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Today's Stichomancy for Jon Stewart

The first excerpt represents the element of Air. It speaks of mental influences and the process of thought, and is drawn from Euthyphro by Plato:

are the givers of all good, how can we give them any good in return? 'Nay, but we give them honour.' Then we give them not what is beneficial, but what is pleasing or dear to them; and this is the point which has been already disproved.

Socrates, although weary of the subterfuges and evasions of Euthyphro, remains unshaken in his conviction that he must know the nature of piety, or he would never have prosecuted his old father. He is still hoping that he will condescend to instruct him. But Euthyphro is in a hurry and cannot stay. And Socrates' last hope of knowing the nature of piety before he is prosecuted for impiety has disappeared. As in the Euthydemus the irony is carried on to the end.

The second excerpt represents the element of Fire. It speaks of emotional influences and base passions, and is drawn from The First Men In The Moon by H. G. Wells:

"continually effaced by the deliberate rationality of all I do." ... "I am now able to come and go as I please, or I am restricted only for my own good. So it is I have been able to get at this apparatus, and, assisted by a happy find among the material that is littered in this enormous store-cave, I have contrived to despatch these messages. So far not the slightest attempt has been made to interfere with me in this, though I have made it quite clear to Phi-oo that I am signalling to the earth.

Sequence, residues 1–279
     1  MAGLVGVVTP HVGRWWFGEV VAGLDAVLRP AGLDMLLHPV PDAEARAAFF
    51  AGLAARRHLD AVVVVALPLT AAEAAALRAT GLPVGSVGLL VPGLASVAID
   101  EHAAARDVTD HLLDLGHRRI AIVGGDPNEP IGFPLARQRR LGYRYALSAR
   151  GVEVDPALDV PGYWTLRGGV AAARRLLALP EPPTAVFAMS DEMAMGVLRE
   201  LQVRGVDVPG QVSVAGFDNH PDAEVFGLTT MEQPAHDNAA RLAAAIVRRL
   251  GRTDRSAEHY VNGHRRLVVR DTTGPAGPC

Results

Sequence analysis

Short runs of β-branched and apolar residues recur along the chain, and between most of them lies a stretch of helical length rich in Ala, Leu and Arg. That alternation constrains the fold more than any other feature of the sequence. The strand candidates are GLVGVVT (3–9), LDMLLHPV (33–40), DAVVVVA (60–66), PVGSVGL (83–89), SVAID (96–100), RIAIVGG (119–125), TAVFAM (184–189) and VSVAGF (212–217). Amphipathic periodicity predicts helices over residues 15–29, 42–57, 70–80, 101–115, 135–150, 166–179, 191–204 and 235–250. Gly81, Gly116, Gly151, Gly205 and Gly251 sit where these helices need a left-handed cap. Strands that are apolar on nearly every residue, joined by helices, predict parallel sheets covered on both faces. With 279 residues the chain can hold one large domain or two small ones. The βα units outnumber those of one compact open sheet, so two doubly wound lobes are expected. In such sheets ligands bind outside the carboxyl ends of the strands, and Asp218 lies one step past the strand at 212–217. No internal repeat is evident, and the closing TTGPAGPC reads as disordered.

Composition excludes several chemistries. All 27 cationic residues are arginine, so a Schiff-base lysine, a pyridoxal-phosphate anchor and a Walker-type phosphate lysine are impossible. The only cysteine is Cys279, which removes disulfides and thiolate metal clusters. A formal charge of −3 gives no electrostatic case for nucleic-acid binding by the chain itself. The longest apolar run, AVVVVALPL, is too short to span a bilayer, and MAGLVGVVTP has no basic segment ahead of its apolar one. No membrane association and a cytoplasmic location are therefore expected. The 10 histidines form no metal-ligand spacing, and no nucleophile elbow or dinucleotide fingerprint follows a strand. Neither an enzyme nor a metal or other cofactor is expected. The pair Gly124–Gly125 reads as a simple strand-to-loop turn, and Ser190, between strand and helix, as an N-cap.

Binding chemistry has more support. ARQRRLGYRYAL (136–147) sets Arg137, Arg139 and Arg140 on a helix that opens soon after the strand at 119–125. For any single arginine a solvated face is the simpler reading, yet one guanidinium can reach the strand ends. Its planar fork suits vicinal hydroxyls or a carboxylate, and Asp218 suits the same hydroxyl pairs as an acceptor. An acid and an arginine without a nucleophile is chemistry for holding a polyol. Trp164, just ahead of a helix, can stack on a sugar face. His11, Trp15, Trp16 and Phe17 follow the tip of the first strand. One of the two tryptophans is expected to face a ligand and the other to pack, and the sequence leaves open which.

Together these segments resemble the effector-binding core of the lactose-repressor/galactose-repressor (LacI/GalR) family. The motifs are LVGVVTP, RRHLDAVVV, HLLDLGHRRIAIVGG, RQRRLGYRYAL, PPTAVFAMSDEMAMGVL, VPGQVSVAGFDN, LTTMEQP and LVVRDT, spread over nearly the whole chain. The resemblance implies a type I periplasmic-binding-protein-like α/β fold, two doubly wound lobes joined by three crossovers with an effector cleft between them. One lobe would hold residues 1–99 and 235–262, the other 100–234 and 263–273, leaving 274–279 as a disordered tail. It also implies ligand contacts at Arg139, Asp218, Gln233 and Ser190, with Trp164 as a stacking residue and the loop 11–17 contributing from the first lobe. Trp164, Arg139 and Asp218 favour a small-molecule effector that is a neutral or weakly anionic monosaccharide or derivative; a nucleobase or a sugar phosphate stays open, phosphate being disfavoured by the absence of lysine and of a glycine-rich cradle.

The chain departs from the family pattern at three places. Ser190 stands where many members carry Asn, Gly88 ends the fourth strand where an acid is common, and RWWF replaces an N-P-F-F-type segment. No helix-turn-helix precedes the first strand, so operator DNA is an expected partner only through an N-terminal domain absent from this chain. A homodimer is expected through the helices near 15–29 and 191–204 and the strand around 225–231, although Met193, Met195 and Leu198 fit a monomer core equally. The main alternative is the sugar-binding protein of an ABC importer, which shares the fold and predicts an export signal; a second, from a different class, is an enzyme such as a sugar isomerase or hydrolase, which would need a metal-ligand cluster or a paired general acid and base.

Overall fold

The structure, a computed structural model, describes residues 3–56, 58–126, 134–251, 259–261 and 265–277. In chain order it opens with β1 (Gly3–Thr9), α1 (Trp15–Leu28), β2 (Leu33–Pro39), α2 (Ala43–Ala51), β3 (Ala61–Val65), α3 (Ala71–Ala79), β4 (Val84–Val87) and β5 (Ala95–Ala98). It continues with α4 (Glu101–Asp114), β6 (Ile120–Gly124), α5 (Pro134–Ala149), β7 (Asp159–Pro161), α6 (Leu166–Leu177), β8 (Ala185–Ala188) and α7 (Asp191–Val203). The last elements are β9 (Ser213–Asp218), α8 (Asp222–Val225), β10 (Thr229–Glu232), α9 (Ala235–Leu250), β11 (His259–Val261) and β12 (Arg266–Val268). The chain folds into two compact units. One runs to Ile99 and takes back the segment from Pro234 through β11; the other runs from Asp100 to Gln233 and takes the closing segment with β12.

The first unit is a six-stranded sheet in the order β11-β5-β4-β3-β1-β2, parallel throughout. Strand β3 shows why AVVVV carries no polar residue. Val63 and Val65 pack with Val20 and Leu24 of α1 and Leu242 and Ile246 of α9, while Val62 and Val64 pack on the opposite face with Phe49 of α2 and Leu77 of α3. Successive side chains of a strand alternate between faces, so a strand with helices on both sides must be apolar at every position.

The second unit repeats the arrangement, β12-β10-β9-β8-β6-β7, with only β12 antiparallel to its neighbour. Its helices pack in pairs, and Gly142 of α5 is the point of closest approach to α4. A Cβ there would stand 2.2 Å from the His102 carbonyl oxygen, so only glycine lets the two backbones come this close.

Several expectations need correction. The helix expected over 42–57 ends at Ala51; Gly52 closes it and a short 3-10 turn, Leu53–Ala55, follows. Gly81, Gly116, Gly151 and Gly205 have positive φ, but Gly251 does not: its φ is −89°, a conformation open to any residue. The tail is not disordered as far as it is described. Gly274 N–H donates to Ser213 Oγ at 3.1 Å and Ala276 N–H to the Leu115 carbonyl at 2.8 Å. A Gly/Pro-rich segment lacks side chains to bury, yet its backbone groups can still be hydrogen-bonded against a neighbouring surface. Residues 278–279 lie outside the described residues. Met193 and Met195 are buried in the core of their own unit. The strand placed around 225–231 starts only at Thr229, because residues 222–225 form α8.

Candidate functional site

"'You talk to other?' he asked, watching me.

"'Others,' said I.

"'Others,' he said. 'Oh yes, Men?'

"And I went on transmitting."


The First Men In The Moon
The third excerpt represents the element of Water. It speaks of pure spiritual influences and feelings of love, and is drawn from The Happy Prince and Other Tales by Oscar Wilde:

the secrets of philosophy are mine, yet for want of a red rose is my life made wretched."

"Here at last is a true lover," said the Nightingale. "Night after night have I sung of him, though I knew him not: night after night have I told his story to the stars, and now I see him. His hair is dark as the hyacinth-blossom, and his lips are red as the rose of his desire; but passion has made his face like pale ivory, and sorrow has set her seal upon his brow."

"The Prince gives a ball to-morrow night," murmured the young Student, "and my love will be of the company. If I bring her a red rose she will dance with me till dawn. If I bring her a red rose,

The fourth excerpt represents the element of Earth. It speaks of physical influences and the impact of the unseen on the visible world, and is drawn from The Three Musketeers by Alexandre Dumas:

an adjoining chamber. Immediately M. de Treville opened and pointed the way to Porthos and Aramis, who bore their comrade in their arms. Behind this group walked the surgeon; and behind the surgeon the door closed.

The cabinet of M. de Treville, generally held so sacred, became in an instant the annex of the antechamber. Everyone spoke, harangued, and vociferated, swearing, cursing, and consigning the cardinal and his Guards to all the devils.

An instant after, Porthos and Aramis re-entered, the surgeon and M. de Treville alone remaining with the wounded.

At length, M. de Treville himself returned. The injured man had


The Three Musketeers